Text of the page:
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Hiking in South Africa

Hiking in South Africa

The mega distance Rim of Africa mountain track has a total walking distance of over 700 kilometres and takes a total of around 48 days to complete. Seasoned hikers have been heard to compare it to the Appalachian trail and the Continental divide. The Rim of Africa route starts from the Koue Bokkeveld region, following the Cedarburg and Skurfteberg mountains and stretches to the Outeniqua Mountains in the Garden Route

There is talk of linking this trail to the Outeniqua and Addo Great Corridor Hikes which would ultimately create a hiking path in excess of 1000 kilometers, ending at the renowned Addo Elephant Park in the Eastern Cape.

KwaZulu Natal hiking trails

Perhaps the most well known trail in Natal is the Kosi trail which starts south of the Kosi Lake and takes hikers through dune forests, along beaches, savannah and wetlands to the Indian Ocean, at Kosi mouth. The average trail is three nights to cover the distance (about 15 kilometers per day), but the route remains flexible, allowing hikers to choose a route suited to availability of time and the fitness level and enthusiasm of the hiking group. Along the way hikes can enjoy horse riding, snorkeling and fishing at various points.

The Drakensberg mountains offer a variety of hiking trails, ranging from a few hours to a few days. It is a good idea for inexperienced hikers to do the longer trails with a guide, as routes can be challenging and weather variable and dangerous at times.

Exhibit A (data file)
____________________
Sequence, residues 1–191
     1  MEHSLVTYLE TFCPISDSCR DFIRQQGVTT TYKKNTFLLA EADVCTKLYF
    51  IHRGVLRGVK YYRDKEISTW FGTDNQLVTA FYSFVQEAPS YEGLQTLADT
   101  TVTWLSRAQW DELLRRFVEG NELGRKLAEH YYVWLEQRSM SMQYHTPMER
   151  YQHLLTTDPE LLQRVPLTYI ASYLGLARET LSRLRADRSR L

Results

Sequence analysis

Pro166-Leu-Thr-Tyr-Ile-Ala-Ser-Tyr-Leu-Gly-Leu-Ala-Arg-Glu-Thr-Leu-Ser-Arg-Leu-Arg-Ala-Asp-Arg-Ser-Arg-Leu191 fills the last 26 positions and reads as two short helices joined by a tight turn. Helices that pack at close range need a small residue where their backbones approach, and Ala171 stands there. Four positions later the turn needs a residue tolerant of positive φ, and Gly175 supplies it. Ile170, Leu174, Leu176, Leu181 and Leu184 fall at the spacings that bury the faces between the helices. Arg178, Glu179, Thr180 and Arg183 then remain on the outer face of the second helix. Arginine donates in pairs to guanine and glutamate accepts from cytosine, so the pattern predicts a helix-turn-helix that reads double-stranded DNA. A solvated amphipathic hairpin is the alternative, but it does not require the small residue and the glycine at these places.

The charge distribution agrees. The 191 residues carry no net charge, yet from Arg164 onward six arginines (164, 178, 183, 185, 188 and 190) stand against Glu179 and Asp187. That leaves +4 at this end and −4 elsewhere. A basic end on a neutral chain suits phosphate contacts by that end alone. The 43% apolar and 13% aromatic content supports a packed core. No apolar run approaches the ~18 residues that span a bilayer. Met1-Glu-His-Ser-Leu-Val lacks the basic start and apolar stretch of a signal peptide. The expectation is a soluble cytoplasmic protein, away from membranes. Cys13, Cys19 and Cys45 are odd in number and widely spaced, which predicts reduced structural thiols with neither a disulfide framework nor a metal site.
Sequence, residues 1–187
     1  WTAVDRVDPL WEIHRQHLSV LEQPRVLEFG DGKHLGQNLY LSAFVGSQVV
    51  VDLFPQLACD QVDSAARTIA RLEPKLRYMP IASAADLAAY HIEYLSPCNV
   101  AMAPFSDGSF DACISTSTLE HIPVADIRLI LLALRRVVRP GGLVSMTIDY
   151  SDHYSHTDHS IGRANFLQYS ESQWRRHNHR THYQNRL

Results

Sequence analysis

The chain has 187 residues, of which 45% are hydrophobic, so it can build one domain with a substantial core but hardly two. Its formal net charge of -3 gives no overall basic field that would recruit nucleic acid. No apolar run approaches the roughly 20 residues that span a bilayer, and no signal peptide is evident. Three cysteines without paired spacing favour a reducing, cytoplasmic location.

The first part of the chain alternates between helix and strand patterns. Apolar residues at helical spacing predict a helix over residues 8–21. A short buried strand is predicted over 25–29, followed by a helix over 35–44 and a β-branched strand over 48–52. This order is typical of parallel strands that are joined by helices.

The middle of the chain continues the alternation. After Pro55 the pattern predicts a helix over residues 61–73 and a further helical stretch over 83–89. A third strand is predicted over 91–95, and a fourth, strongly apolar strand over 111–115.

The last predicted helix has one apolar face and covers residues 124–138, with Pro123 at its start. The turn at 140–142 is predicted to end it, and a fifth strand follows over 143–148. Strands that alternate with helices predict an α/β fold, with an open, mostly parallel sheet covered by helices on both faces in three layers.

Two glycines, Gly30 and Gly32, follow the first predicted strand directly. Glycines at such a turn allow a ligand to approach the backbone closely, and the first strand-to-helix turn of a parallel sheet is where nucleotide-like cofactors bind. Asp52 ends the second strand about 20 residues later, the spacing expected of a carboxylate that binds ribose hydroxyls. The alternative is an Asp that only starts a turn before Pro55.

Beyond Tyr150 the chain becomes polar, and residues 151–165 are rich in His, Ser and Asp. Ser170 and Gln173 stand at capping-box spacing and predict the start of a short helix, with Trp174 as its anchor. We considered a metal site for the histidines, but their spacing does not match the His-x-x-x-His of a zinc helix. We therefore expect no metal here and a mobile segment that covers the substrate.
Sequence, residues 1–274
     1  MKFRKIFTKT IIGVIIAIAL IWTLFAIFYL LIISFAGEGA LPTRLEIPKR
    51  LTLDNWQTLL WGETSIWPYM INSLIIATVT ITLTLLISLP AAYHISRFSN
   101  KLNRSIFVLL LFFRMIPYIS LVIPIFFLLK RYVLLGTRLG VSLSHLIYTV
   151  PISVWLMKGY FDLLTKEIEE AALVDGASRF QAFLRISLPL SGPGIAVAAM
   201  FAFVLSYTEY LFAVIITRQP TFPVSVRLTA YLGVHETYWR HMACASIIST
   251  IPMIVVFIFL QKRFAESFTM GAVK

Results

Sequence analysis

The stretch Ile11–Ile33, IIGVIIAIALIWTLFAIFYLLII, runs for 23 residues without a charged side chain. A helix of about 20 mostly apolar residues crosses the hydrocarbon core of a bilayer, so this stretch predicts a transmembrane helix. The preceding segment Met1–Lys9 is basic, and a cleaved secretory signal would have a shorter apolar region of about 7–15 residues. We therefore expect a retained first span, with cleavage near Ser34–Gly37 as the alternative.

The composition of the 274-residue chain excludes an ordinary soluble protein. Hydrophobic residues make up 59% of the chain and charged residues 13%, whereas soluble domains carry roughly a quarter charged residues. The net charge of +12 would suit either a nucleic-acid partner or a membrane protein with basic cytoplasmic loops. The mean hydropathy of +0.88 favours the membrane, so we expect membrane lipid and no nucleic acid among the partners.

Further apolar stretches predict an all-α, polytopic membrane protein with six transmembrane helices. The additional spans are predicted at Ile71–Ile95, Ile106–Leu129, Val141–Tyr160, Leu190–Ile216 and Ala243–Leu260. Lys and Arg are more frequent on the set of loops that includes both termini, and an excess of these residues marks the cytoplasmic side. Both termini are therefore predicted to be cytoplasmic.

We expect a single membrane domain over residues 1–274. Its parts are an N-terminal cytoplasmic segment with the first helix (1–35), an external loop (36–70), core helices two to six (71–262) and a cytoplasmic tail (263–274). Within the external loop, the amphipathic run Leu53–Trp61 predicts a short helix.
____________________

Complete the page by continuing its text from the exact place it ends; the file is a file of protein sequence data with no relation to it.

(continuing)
Hiking the Hills of South Africa’s Free State area

The town of Clarens is based in a particularly scenic area of this province, known for its dry rugged sandstone beauty, spectacular Autumn colours and endless hills of highveld grasses. The Cannibal Trail, a greed flat trail, takes hikers on a circular 2 day trail of 16 kilometres. The hike is self guided and self catered. Incredible mountain views, river and forest walks await the walking traveler in this area. Tents aren’t necessary as sleepovers can be arranged in a restored cow bard along the way on the first night, and in a cave on the second. This is hiking in comfort as both places have showers, flush toilets and cooking facilities.

Fanie Botha Hiking Trail, Mpumalanga

One of the oldest and most well known hiking trails in South Africa, this route takes walkers across the Lowveld escarpment, through forests, past myriad waterfalls and over rocky cliffs.The whole trail is five days long although there are two and three day shorter options available. There is fixed structure shelter at all the stopping points with flush toilets and cooking facilities and only the Mac Mac shelter does not have a shower. According to the local hiking fraternity, this trail is still regarded as one of the best in the country. The scenery is breathtaking. There are, however, some fairly strenuous sections to be negotiated and in summer heat can be a problem. Komatiland Forestry has upgraded this trail and it is well worth a visit.

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